Romo v. Shirley

CourtUnited States State Supreme Court of Montana
Citation2022 MT 249
Docket NumberDA 21-0416
PartiesJESS ROMO, et al., Plaintiffs and Appellees, v. COREY SHIRLEY; OWEN KENNEY; KENT HOGGAN; SURETY LAND DEVELOPMENT, LLC, Utah Limited Liability Corporation; Defendants and Appellants, and USA BIOFUELS, LLC, Utah Limited Liability Corporation; VITALITY NATURAL HEALTH, LLC; EUREKA 93, INC.; GREG RANGER; DAVID RENDIMONTI; ROBERT LEAKER; SEAN POLI; STEPHEN ARCHAMBAULT; VITALITY CBD NATURAL HEALTH PRODUCTS, INC.; JOHN DOES 11-15, Defendants.
Decision Date27 December 2022

2022 MT 249

JESS ROMO, et al., Plaintiffs and Appellees,
v.

COREY SHIRLEY; OWEN KENNEY; KENT HOGGAN; SURETY LAND DEVELOPMENT, LLC, Utah Limited Liability Corporation; Defendants and Appellants,

and USA BIOFUELS, LLC, Utah Limited Liability Corporation; VITALITY NATURAL HEALTH, LLC; EUREKA 93, INC.; GREG RANGER; DAVID RENDIMONTI; ROBERT LEAKER; SEAN POLI; STEPHEN ARCHAMBAULT; VITALITY CBD NATURAL HEALTH PRODUCTS, INC.; JOHN DOES 11-15, Defendants.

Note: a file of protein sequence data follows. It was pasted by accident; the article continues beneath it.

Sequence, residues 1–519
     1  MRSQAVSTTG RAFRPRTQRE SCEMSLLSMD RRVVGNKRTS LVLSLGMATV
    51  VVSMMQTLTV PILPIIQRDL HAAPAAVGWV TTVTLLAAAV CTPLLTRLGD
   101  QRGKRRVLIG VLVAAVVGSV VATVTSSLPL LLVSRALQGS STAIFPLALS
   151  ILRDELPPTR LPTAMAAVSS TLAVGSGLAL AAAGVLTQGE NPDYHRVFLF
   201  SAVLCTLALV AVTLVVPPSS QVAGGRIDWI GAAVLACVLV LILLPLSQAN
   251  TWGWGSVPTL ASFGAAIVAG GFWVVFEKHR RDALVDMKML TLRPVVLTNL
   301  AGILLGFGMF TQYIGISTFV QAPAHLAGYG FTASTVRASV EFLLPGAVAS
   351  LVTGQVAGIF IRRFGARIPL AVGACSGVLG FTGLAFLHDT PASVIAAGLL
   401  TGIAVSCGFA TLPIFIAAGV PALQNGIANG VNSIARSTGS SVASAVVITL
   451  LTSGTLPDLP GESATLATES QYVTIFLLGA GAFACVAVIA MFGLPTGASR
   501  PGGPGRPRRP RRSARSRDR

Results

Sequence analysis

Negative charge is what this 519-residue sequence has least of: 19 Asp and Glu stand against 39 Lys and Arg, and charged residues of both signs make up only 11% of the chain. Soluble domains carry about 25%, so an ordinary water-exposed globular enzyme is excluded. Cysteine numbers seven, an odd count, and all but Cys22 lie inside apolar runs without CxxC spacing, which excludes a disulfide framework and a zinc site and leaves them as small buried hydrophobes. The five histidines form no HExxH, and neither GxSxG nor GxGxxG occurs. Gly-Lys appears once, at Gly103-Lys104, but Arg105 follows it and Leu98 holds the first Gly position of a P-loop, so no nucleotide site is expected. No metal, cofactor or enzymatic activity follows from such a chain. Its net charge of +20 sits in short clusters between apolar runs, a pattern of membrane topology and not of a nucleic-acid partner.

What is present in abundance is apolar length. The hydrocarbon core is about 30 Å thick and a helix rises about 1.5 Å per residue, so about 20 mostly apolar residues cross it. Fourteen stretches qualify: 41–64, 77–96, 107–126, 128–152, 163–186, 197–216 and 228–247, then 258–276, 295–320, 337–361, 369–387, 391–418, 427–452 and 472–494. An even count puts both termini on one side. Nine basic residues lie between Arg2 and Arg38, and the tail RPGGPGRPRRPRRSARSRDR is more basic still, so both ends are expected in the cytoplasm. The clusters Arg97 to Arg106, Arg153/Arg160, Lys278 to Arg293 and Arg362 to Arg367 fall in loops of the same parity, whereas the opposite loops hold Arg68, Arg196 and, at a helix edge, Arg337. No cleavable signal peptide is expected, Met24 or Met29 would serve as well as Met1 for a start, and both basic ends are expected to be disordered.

No. DA 21-0416

Supreme Court of Montana

December 27, 2022


Submitted on Briefs: September 28, 2022

District Court of the Fifteenth Judicial District, In and For the County of Roosevelt, Cause No. DV-2018-45 Honorable Katherine Bidegaray, Presiding Judge

For Appellants Corey Shirley, Owen Kenney, Kent Hoggan and Surety Land Development, LLC: Mark D. Parker, Michael L. Dunphy, Parker, Heitz & Cosgrove, PLLC, Billings, Montana

For Appellees: Ben A. Snipes, Ross T. Johnson, Odegaard Kovacich Snipes, P.C., Great Falls, Montana